Death's Following: Mediocrity, Dirtiness, Adulthood, Literature

Death's Following: Mediocrity, Dirtiness, Adulthood, Literature

Death's Following: Mediocrity, Dirtiness, Adulthood, Literature

Death's Following: Mediocrity, Dirtiness, Adulthood, Literature


Almost all twentieth-century philosophy stresses the immanence of death in human life - as drive (Freud), as the context of Being (Heidegger), as the essence of our defining ethics (Levinas), or as language (de Man, Blanchot). In Death's Following, John Limon makes use of literary analysis (of Sebald, Bernhard, and Stoppard), cultural analysis, and autobiography to argue that death is best conceived as always transcendentally beyond ourselves, neither immanent nor imminent. Adapting Kierkegaard's variations on the theme of Abraham's near-sacrifice of Isaac while refocusing the emphasis onto Isaac, Limon argues that death should be imagined as if hiding at the end of an inexplicable journey to Moriah. The point is not to evade or ignore death but to conceive it moretruly, repulsively, and pervasively in its camouflage: for example, in jokes, in logical puzzles, in bowdlerized folk songs. The first of Limon's two key concepts is adulthood: the prolonged anti-ritual for experiencing the full distance on the look of death. His second is dirtiness, as theorized in a Jewish joke, a logical exemplum, and T. S. Eliot's "Ash Wednesday": In each case, unseen dirt on foreheads suggests theinvisibility of inferred death. Not recognizing death immediately or admitting its immanence and imminence is for Heidegger the defining characteristic of the "they," humanity in its inauthentic social escapism. But Limon vouches throughout for the mediocrity of the "they" in its dirty and ludicrousadulthood. Mediocrity is the privileged position for previewing death, in Limon's opinion: practice for being forgotten. In refusing the call of twentieth-century philosophy to face death courageously, Limon urges the ethical and aesthetic value of mediocre anti-heroism.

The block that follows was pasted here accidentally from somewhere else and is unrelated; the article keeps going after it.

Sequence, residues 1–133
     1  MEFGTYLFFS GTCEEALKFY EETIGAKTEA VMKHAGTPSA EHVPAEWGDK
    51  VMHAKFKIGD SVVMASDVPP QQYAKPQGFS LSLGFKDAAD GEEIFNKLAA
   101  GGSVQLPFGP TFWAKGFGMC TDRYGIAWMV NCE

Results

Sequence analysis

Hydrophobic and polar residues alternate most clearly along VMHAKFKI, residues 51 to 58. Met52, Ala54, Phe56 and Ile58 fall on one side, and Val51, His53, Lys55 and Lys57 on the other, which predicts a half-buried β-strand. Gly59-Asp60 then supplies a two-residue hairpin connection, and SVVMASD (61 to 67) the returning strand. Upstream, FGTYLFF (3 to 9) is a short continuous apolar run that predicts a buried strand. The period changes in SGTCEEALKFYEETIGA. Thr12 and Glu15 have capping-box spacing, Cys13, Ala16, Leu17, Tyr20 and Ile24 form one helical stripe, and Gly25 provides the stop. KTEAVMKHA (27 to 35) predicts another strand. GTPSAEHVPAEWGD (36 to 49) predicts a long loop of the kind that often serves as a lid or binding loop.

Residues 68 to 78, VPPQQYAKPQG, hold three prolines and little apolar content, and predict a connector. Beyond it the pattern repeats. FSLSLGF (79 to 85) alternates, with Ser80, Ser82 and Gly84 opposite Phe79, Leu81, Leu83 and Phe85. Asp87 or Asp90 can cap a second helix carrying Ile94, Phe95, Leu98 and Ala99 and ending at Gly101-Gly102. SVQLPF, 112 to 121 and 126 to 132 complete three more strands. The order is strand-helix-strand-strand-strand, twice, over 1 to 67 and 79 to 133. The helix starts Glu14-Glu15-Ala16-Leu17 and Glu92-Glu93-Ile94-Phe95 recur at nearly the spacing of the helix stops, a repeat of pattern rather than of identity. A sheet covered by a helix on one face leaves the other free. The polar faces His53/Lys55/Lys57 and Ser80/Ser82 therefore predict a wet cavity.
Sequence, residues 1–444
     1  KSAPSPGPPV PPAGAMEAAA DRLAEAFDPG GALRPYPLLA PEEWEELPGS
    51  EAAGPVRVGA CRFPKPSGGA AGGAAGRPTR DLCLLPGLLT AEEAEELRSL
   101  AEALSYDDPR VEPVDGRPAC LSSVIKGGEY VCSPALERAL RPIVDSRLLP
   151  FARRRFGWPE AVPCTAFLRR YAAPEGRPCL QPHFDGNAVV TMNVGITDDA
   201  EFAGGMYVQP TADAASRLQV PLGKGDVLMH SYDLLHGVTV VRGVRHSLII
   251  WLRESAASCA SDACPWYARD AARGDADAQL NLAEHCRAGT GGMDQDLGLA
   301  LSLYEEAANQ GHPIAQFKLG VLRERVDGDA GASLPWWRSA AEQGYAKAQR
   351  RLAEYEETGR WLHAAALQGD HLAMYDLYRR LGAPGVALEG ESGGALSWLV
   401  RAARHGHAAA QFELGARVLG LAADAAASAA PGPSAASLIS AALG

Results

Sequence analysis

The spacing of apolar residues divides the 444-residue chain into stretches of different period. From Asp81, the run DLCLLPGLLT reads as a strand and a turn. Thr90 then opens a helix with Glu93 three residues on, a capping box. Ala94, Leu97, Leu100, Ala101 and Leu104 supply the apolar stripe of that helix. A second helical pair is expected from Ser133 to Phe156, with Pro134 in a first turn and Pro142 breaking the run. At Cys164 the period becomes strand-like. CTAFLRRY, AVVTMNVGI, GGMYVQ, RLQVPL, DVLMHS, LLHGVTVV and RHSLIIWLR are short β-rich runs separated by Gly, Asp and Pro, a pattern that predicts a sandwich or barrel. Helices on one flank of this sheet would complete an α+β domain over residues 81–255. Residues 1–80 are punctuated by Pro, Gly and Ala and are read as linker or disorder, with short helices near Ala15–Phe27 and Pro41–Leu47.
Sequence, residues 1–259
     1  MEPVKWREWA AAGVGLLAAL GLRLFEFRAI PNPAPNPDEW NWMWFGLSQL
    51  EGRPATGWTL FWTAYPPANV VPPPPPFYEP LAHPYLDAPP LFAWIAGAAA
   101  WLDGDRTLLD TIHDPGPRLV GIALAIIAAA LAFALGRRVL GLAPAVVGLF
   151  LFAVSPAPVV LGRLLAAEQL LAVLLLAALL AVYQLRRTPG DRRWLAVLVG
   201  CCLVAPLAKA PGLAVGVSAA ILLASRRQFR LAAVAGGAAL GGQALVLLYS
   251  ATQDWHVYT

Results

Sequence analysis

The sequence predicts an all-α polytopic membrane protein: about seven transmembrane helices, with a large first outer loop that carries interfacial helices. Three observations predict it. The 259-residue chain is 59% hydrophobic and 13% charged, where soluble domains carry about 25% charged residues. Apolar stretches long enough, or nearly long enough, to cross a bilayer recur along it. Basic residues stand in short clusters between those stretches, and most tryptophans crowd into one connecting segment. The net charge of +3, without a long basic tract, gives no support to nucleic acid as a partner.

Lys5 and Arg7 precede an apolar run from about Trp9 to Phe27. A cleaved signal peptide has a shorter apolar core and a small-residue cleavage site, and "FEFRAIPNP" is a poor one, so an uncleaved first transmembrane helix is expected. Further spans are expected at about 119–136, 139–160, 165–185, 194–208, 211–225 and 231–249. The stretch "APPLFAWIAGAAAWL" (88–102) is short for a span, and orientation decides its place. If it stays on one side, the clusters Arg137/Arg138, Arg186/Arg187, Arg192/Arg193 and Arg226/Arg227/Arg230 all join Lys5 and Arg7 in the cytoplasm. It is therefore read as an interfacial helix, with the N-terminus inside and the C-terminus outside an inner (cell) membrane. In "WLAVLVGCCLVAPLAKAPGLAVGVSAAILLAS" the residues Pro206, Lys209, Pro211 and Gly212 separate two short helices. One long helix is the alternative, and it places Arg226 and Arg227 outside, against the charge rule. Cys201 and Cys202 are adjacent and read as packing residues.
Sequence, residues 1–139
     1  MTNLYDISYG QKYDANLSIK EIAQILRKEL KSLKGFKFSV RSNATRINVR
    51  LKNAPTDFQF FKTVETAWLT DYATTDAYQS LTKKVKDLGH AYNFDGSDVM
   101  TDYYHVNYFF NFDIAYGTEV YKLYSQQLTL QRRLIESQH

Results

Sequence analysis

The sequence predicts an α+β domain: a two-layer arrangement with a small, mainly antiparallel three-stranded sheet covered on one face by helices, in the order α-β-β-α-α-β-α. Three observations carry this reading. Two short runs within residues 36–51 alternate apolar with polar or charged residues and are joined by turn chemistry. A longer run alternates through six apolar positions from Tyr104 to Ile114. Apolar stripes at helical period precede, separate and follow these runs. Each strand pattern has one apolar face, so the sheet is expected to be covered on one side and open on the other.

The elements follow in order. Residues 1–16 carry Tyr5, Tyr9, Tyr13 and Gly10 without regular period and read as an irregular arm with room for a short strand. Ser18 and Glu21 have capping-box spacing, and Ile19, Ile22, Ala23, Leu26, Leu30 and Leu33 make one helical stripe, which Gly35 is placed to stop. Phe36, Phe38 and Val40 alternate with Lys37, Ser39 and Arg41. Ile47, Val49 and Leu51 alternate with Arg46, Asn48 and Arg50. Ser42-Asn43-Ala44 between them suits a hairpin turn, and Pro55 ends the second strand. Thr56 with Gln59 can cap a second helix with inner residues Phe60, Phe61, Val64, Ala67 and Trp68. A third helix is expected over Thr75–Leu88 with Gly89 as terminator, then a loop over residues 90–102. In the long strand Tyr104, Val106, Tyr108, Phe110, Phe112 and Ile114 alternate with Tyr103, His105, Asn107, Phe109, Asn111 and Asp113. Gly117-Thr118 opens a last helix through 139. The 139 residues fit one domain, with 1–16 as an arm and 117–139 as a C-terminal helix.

As the crisis of Catch-22 approaches, just before Yossarian must choose whether to sell out to the Army or flee it, he has a dream while under an anesthetic. the novel, to this point, has been radically antipsychological—what use is the diagnosis of paranoia, for example, if everyone is in fact shooting at you?—and Yossarian, on Heller’s behalf, has delighted in concocting dreams to placate or frustrate psychoanalysts. But he is frightened by his one actual dream, and feels the urgency of plumbing its recesses.

A hand with sharp fingers shook him roughly awake [presumably in
his dream]. He turned and opened his eyes and saw a strange man
with a mean face who curled his lip at him in a spiteful scowl and

“We’ve got your pal, buddy. We’ve got your pal.”

Yossarian turned cold and faint and broke into a sweat.

“Who’s my pal?” he asked when he [presumably awakening for
real] saw the chaplain sitting where Colonel Korn had been sitting.

“Maybe I’m your pal,” the chaplain answered.

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